Residents must be consulted on Lucan projects, says councillor

24 new Lucan

The recently announced works that aim to improve Lucan village and turn it into a “Destination Town” have been welcomed by Sinn Fein councillor Derren Ó Brádaigh but says that local residents and businesses must be consulted before the project can begin.

The Lucan-Palmerstown representative said that “the recent announcement awarding Lucan Village “Destination Town” status is very much welcomed.

“The council are now proposing a series of project works that seek to make Lucan Village a more inviting place to both visit and enjoy for everyone,” he says.

“However, it is crucial that any works seeking to “enhance” the village experience take stock of the views of those rooted and trading in the village, but also understanding the logistical challenges for all surrounding residents that frequent the village for essential needs.”

Ó Brádaigh says that many residents have approached him and asked about the upcoming works.

“The detail for three specific projects will go to public consultation ahead of Christmas, after which agreement on the designs will be brought before the council for a final decision in early 2022,” he says.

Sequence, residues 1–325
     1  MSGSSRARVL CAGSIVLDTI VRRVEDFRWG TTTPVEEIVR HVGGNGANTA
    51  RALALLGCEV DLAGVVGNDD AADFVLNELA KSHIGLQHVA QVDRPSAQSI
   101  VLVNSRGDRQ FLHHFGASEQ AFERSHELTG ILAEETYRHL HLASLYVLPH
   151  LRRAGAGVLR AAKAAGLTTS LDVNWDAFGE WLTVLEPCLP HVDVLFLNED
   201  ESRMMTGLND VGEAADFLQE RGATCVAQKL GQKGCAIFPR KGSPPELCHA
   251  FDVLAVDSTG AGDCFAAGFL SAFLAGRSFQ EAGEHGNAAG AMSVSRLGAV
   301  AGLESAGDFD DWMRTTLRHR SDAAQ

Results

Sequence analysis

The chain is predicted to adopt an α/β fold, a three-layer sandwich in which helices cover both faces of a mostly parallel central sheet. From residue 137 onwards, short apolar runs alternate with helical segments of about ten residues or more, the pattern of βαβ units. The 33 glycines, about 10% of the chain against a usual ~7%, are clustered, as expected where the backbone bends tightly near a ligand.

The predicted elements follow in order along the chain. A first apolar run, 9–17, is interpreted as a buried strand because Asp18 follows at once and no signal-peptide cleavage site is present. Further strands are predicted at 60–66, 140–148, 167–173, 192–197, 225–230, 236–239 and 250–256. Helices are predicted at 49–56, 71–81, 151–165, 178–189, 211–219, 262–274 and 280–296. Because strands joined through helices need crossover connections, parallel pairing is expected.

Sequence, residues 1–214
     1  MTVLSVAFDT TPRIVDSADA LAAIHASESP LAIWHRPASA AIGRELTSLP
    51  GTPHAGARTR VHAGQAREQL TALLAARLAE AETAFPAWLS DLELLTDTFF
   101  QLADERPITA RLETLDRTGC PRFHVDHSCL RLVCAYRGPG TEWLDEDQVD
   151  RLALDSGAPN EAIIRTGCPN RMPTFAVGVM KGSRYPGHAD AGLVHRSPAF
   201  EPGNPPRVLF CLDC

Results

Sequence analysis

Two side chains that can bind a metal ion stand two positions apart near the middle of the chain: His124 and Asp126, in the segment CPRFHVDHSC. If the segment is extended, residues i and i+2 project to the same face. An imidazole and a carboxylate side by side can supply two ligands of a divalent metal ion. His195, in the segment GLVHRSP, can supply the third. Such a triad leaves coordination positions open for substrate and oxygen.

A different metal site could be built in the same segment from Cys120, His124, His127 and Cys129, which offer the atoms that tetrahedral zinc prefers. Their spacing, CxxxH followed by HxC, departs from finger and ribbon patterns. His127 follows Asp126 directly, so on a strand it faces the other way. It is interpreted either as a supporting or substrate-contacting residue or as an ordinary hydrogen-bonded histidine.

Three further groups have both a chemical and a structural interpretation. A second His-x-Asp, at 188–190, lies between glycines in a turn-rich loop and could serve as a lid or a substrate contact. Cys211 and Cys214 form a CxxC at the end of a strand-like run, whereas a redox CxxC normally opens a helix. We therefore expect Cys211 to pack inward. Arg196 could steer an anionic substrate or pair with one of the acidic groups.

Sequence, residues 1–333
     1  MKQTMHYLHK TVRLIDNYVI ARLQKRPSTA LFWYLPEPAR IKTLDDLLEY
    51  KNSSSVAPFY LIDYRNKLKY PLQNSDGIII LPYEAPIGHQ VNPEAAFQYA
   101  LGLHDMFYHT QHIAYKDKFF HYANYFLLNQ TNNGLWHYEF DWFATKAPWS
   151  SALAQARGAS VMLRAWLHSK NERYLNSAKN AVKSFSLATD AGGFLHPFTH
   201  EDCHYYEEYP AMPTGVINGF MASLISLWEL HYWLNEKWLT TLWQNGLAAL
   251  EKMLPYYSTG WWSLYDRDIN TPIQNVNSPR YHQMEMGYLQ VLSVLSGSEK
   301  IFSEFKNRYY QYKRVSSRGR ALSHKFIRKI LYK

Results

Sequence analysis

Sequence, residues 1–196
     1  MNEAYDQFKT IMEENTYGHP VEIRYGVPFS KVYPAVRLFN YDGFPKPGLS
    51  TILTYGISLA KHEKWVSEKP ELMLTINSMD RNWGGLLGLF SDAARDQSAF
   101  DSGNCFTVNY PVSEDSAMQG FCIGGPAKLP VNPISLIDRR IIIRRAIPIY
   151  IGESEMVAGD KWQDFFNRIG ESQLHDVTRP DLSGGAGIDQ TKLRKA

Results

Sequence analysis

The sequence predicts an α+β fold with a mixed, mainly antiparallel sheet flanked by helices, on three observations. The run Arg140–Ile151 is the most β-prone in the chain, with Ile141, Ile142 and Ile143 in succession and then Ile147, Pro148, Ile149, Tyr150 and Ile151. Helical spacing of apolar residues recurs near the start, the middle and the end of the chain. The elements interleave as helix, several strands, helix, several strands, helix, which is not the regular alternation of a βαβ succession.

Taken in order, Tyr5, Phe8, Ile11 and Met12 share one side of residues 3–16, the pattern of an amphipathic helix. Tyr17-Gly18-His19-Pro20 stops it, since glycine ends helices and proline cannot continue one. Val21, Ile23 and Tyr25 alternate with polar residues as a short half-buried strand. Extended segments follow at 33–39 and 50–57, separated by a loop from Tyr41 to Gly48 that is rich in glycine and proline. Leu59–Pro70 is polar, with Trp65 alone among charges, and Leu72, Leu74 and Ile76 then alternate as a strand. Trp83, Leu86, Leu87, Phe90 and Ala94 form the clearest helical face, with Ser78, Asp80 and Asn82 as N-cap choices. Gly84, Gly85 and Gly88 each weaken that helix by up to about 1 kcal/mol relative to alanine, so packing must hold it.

“The three locations identified for works are the Liffey weir side at Lucan Bridge, the Village Green and the Lucan Desmesne entrance.

“I have received a lot of approaches from folks with questions and concerns in recent weeks about the projects and this is understandable.

“I am advising and encouraging everyone that wishes to see our village progress in a sustainable and attractive way, to engage in the public consultation process.

“Separate to these works, the council are at a very early concept stage of exploring a trialling period for a one-way traffic system along main street between the Village Green and Lucan Liffey Bridge.”

The potential pilot scheme is one many similar projects being undertaken by councils in Dublin – such as in Dun Laoghaire and Sandymount.

“Whilst I understand there have been some preliminary engagements by the council, there is no timeline or design agreement for this,” Ó Brádaigh says.

“If and when a trial period does occur, it is imperative that this is preceded by a fully inclusive consultation process that listens to the opinions of every stakeholder in examining all potential impacts of such a traffic re-arrangement for the better or worse.

“Anyone can make a submission to the consultation process once it opens.

“This can be to express a concern, make an objection or to field a suggestion and I am encouraging everyone to do just that.”

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